1. Logging into your cloud account online or via the desktop app.
  2. Locating the file you want to restore.
  3. Viewing prior versions in the file history.
  4. Clicking to download or restore an older copy.

Cloud services typically keep file history for 30 days up to 1 year depending on your account.

Retrieve from your backups

If you have backups saved on an external drive or separate partition, you may find copies of your lost file there. The steps depend on your backup software and location.

For example, with Apple’s Time Machine on Mac OS, you can navigate through your timeline backups in the Time Machine interface to find previous versions of files. With Windows File History, you can access backups through the “Restore personal files” option in the Control Panel.

With regular file copy backups, you will need to manually search through older copies of your file system to find versions of the lost file.

The advantage of backups is that you can go back months or years to find file versions if needed. The downside is that the restore process is often more tedious.

Try file versioning

If you can’t recover a previous version, see if file versioning was enabled for the software program where you made changes. Apps like Microsoft Office and Adobe Creative Cloud have auto-versioning that tracks changes to files while you edit them.

To restore an earlier version, open the program like Word or Photoshop, click File > Open, select the file, and look for a Versions or Revert option. You can browse through different saved iterations and restore an older one.

Versioning needs to be enabled in the program’s settings before the overwrite happens for this feature to work.

Recover from source control

For software developers, if you overwrite code files that are tracked in a source control system like Git, GitHub, Bitbucket, or Visual Studio Team Services, you can roll back changes and sync to a previous commit.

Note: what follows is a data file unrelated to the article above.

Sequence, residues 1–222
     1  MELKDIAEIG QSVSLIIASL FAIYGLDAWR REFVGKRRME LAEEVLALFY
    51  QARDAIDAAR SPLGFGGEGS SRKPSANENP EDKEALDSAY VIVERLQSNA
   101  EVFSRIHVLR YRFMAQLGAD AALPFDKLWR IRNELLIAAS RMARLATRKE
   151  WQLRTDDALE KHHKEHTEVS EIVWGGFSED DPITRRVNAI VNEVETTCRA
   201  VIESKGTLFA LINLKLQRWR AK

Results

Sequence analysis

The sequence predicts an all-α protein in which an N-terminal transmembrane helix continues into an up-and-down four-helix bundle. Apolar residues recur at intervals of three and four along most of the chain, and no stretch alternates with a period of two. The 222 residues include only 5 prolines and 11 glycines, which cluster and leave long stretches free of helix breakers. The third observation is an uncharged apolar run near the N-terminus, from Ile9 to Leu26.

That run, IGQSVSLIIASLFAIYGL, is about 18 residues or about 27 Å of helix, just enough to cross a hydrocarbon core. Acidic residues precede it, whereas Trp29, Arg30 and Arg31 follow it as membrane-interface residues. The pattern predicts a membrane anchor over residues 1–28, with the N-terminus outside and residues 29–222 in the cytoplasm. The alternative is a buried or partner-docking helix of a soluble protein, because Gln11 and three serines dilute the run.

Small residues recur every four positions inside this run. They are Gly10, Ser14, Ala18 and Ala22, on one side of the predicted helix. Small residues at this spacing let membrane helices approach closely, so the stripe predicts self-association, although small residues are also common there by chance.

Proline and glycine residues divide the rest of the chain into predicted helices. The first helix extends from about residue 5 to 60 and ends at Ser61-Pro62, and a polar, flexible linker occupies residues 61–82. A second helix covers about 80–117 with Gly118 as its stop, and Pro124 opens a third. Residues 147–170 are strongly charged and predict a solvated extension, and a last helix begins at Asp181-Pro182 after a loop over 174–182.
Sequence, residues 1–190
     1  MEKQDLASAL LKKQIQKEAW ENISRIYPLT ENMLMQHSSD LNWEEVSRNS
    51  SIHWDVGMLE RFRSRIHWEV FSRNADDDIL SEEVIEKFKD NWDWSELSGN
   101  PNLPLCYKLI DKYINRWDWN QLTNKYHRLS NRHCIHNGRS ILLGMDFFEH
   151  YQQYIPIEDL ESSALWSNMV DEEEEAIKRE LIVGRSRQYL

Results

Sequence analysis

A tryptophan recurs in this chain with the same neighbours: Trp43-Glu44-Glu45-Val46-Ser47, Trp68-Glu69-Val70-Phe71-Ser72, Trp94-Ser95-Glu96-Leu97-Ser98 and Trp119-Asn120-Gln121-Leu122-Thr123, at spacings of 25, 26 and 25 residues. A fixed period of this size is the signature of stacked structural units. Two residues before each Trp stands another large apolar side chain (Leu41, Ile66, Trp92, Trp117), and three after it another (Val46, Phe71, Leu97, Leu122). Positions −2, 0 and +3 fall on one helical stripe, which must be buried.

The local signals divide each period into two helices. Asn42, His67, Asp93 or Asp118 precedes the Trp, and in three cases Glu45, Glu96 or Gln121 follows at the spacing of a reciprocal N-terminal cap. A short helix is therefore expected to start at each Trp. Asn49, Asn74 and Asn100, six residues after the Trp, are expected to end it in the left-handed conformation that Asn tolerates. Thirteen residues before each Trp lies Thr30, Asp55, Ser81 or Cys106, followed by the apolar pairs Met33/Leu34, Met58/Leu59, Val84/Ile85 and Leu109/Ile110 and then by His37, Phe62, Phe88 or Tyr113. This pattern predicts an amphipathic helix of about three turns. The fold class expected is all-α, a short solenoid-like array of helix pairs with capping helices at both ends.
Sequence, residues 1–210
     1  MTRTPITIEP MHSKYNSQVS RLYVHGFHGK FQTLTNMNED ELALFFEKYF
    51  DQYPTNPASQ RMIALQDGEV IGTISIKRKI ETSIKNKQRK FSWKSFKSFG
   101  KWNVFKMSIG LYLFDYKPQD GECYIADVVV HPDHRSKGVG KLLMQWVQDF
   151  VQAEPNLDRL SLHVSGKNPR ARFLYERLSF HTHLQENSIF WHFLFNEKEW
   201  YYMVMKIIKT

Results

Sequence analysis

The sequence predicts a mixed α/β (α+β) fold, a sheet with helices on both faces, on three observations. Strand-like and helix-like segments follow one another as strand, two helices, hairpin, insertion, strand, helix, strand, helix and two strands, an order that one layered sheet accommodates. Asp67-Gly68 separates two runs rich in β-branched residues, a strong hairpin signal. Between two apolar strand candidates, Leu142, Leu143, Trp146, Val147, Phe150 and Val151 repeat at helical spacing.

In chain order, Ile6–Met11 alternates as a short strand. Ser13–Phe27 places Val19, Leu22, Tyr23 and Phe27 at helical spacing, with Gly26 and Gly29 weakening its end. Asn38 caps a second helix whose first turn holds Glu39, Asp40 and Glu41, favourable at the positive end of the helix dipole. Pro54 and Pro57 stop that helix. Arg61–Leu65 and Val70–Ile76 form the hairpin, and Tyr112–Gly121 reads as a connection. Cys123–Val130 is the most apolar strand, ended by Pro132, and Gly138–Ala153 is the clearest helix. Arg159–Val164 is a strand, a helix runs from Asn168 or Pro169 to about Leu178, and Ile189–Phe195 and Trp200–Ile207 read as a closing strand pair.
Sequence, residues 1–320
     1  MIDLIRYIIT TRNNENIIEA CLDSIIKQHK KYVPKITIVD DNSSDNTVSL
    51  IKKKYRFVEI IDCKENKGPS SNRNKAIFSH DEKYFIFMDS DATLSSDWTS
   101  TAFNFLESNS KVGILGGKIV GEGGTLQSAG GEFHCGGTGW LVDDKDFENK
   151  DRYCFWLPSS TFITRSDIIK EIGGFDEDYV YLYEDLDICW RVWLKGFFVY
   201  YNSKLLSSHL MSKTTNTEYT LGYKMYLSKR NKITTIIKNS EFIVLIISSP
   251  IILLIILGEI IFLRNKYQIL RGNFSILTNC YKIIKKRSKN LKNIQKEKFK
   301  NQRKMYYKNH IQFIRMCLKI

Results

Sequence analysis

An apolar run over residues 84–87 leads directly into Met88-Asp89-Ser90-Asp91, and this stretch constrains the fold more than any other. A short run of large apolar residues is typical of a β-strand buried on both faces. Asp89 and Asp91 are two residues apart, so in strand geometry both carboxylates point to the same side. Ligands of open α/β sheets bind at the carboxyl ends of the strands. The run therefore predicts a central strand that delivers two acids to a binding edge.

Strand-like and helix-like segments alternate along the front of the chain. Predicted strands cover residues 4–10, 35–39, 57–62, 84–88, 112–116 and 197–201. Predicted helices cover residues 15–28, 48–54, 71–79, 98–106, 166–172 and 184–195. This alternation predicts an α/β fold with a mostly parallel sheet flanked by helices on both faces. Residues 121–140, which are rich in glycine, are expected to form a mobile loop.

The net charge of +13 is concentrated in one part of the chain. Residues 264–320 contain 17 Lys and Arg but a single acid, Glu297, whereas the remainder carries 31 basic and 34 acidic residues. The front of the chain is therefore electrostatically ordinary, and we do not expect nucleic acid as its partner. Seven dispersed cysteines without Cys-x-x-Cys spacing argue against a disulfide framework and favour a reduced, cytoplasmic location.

Use your source control client to revert changes and check out an older version of the code to your local machine. Committing regularly to source control gives you an extensive recovery history.

Ask co-workers for copies

Reach out to anyone you collaborated with on the lost file and ask if they have a copy. Emails, network shares, multiple devices, and cloud collaboration tools like Google Docs or Microsoft Teams are worth checking.

Your co-workers may have an older iteration of the file on their computer or in their cloud storage. They can share it with you so you can recover at least some of your work.

Try temporary folders

Some programs save temporary versions of files in dedicated folders while you work on them. For Microsoft Office, check the C:\Users\[username]\AppData\Roaming\Microsoft\Word\AutoRecovery folder on Windows or ~/Library/Containers/ Support/Microsoft/Office/UnsavedFiles on Mac.

For Adobe apps, look in /Users/[username]/Library/Application Support/Adobe/Common/Media Cache Files on Mac or C:\Users\[username]\AppData\Roaming\Adobe\Common\Media Cache Files on Windows.

You may find auto-saved versions from a session before you overwrote the file. The temporary versions use obscure names but contain your original file content.

Use file recovery services

For critical business files, you can turn to professional data recovery services if you’ve exhausted all self-help options. Services like DriveSavers, Ontrack, and Gillware can attempt to recover files from storage devices in a sterile lab environment, but they typically charge several hundred to several thousand dollars.

This is an extreme last resort for valuable irreplaceable files due to the high cost. But critical databases, work files, financial documents, or personal photos may be worth the expense for a chance to recover them.

Prevent files from being saved over

To avoid this situation in the future, be more careful when saving files. Consider enabling these file protection measures for your operating system and programs:

  • Turn on automatic file history/versioning
  • Set files/folders to be read-only
  • Disable automatic file saving in apps
  • Use Source Control for code files
  • Back up files regularly

Pay close attention when clicking “Save” and choose to save a new copy instead of overwriting the existing file. Be extra cautious when working with your most important data.


Accidentally overwriting important files is very common, but is usually recoverable using file history, backups, auto-saved versions, or third party software. Act quickly if it happens to improve your chances. Enable protective measures for critical files. And be more attentive when saving to help avoid the problem altogether.